Tag Archives: William

Enoch Powell playing the race card after the 1981 riots

In my view, only one riot in 1981 could be described as a white v black confrontation and that was Southall where National Front supporters and predominantly Asian youth clashed. But as for Toxteth, Moss Side and Brixton – the frustration of black youth was allied to a furious despair among unemployed whites and their target was mainly the police.

Conservative MP Enoch Powell

Enoch Powell – old demagogue plays race card after riots

However, the veteran prophet of doom Enoch Powell wasn’t going to let the riots pass without fulminating in parliament  that a race war was round the corner.

He banged on that none of this would have happened if the “New Commonwealth” population hadn’t been allowed to grow.  Powell then turned to some familiar fear mongering stating that immigrant areas were forever expanding and the “indigenous population” must “retreat house by house at the same rate”.

Powell was joined in playing the race card by Ivor Stanbrook MP who told journalists he was going to see the Home Secretary to argue for a ‘voluntary repatriation scheme’. Eldon Griffiths MP, parliamentary adviser to the Police Federation, said “who can say today that racial violence does not threaten the social fabric of Britain?”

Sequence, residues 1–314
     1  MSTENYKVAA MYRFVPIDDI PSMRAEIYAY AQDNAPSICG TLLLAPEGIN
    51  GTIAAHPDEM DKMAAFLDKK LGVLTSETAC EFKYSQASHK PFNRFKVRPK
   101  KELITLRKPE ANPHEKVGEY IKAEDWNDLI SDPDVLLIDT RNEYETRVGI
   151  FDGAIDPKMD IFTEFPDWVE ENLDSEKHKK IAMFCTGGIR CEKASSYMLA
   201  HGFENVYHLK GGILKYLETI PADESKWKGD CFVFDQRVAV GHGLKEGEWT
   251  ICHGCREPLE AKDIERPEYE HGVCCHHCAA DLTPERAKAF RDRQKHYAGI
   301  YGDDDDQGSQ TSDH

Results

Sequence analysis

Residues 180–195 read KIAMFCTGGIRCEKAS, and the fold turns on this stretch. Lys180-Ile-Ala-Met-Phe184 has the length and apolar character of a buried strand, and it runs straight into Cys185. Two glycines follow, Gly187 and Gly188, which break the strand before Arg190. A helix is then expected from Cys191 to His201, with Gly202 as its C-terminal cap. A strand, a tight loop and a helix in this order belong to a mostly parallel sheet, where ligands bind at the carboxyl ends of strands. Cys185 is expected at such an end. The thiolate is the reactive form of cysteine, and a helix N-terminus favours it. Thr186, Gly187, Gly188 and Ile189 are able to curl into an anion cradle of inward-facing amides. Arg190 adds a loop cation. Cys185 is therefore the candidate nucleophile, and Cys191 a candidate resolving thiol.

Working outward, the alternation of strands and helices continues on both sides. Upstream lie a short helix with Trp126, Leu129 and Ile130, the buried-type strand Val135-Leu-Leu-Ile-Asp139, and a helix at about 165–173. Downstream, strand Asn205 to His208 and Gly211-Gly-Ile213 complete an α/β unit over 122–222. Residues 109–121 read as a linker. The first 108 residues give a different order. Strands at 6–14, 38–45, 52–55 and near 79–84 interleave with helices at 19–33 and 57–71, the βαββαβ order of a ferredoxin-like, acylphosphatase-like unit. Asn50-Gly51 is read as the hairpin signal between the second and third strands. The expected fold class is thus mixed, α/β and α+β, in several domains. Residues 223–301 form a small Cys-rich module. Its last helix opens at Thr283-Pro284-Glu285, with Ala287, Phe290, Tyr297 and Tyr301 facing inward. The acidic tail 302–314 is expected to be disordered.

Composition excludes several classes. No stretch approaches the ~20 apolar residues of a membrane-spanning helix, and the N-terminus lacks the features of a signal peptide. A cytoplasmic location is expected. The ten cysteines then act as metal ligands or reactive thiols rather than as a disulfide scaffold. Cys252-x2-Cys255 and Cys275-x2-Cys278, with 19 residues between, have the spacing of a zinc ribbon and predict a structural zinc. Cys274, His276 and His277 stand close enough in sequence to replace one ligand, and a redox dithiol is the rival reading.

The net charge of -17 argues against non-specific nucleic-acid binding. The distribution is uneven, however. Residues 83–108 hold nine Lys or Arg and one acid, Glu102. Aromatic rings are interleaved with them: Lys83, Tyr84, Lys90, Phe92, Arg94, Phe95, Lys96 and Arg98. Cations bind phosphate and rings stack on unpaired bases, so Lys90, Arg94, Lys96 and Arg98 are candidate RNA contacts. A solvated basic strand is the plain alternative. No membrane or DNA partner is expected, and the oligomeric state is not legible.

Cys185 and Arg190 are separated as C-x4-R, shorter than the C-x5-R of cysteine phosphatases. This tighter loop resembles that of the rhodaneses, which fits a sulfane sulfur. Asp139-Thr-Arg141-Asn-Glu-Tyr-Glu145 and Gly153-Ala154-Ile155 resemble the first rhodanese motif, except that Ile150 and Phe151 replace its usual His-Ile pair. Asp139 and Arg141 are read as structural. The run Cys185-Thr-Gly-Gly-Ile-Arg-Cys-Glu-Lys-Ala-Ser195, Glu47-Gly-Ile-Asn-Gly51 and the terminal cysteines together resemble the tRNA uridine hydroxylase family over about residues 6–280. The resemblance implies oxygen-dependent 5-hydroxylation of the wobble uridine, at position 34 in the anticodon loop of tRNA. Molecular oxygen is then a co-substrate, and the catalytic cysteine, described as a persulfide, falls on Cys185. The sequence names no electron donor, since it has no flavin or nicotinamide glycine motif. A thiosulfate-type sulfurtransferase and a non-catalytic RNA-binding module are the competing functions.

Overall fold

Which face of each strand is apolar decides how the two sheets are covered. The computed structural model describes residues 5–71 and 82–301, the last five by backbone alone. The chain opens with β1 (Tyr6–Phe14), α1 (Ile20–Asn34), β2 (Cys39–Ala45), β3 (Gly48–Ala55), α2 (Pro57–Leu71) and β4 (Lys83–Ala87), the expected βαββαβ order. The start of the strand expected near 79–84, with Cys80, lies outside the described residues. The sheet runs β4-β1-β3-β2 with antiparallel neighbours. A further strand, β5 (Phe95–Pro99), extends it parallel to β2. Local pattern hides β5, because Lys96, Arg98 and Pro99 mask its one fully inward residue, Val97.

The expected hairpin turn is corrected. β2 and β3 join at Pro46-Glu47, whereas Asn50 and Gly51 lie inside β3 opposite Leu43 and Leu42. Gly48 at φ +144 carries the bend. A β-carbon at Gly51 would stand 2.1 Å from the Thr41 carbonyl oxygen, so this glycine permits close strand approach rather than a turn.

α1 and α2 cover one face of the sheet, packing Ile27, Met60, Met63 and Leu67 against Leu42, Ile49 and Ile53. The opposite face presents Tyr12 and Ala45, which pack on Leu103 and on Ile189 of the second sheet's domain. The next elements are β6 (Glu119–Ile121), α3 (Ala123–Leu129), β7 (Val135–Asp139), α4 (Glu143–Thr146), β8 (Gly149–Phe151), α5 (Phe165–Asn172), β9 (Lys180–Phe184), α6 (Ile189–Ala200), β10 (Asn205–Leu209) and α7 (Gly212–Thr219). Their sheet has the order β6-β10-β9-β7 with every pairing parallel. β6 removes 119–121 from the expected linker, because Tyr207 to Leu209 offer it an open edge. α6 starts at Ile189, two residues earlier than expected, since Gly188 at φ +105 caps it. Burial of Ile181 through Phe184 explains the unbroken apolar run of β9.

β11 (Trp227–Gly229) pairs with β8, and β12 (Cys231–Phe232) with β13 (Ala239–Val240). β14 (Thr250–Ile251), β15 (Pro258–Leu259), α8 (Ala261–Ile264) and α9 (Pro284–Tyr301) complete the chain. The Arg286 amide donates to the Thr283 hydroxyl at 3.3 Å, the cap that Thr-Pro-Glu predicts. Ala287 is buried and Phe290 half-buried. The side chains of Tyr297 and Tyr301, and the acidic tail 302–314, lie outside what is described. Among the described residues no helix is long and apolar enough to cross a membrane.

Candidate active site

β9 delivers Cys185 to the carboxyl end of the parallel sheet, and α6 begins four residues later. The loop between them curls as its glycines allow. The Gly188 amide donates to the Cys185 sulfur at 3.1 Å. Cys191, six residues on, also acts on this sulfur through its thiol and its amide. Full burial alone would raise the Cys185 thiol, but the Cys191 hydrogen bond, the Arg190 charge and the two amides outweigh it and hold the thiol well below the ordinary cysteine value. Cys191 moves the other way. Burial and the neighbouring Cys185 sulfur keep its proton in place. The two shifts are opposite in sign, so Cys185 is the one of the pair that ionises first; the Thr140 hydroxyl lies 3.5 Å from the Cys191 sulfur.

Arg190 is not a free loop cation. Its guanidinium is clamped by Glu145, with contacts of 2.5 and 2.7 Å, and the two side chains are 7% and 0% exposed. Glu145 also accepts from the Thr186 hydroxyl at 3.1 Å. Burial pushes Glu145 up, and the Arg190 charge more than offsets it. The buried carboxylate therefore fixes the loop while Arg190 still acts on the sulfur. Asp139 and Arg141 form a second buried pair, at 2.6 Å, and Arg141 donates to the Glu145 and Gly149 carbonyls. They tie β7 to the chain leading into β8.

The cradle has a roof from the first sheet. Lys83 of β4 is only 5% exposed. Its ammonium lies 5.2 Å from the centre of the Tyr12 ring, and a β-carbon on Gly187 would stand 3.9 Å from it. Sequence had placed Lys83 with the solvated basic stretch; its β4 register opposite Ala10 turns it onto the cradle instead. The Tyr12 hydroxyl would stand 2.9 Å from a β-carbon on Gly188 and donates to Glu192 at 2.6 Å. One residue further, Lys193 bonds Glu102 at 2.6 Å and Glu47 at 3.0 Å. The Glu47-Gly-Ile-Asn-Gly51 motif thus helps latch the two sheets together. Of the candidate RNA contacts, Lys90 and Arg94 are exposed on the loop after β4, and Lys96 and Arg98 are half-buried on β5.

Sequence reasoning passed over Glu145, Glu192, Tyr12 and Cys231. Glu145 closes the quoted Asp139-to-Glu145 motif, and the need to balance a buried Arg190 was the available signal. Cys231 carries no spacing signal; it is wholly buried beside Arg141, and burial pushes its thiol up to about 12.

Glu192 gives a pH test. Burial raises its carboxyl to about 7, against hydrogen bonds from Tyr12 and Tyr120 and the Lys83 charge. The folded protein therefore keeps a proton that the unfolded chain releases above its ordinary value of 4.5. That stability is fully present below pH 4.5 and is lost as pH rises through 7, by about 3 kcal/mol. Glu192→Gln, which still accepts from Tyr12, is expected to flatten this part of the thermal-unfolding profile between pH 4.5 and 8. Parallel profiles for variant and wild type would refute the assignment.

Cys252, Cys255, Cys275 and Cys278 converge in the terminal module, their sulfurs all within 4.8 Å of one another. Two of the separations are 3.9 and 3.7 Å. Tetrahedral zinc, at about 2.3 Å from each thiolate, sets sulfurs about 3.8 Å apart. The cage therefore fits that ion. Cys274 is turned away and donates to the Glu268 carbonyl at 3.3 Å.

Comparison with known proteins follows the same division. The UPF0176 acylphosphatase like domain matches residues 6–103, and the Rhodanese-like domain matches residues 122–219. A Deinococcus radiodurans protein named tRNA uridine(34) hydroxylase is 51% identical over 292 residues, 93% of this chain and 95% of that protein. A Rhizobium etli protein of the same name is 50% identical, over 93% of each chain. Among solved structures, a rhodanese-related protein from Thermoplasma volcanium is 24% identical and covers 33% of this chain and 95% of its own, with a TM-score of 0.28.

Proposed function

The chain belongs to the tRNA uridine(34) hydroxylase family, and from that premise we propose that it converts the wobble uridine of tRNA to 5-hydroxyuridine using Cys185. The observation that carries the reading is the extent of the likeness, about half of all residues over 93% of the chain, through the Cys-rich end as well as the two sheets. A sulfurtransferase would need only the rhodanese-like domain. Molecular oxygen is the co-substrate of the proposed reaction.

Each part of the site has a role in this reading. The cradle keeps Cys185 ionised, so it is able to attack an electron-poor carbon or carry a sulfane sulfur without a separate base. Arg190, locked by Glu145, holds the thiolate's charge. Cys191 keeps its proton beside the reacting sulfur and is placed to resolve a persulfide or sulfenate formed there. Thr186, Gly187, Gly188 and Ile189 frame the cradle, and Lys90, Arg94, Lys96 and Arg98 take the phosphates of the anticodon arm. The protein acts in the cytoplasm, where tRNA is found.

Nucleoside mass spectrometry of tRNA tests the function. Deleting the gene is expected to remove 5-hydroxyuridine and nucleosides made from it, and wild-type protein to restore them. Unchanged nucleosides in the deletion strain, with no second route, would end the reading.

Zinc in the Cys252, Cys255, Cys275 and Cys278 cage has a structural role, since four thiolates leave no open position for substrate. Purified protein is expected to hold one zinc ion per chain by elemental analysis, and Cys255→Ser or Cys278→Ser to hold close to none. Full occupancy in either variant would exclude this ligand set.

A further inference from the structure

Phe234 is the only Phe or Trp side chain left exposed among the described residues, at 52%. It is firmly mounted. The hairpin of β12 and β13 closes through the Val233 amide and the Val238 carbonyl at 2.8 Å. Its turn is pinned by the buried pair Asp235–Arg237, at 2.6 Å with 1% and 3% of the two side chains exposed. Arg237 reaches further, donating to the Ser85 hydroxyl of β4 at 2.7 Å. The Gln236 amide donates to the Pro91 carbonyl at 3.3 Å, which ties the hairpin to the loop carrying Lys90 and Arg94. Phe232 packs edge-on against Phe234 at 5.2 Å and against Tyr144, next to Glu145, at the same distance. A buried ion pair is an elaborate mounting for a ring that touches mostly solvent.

This didn’t impress Home Secretary Willie Whitelaw. An old aristocratic Tory, he slapped Powell and the others down pointing out that the black community living in Toxteth, Liverpool had been there for 150 years. They weren’t newcomers.  More interestingly, Whitelaw said the racial composition of the rioters in Toxteth had changed night after night – becoming noticeably whiter! These are his exact words to parliament on the 16th July, 1981.

“The first night consisted largely of black youths, children of many generations of Liverpool people, erupting against the police. The second saw a concerted attack on the police by white and black youngsters. The third witnessed a predominantly white crowd of looters exploiting the earlier disturbances, while local black leaders played a major part in keeping their young people off the streets”.

Whitelaw admitted young people in Britain were experiencing deep frustration. He added that violence had already been seen breaking out at football matches and had now burst forth on to the streets.

“The problems of urban decay and deprivation are intractable and deep-seated, particularly in Merseyside, despite decades of efforts to remedy them and the expenditure of very considerable sums of public money”.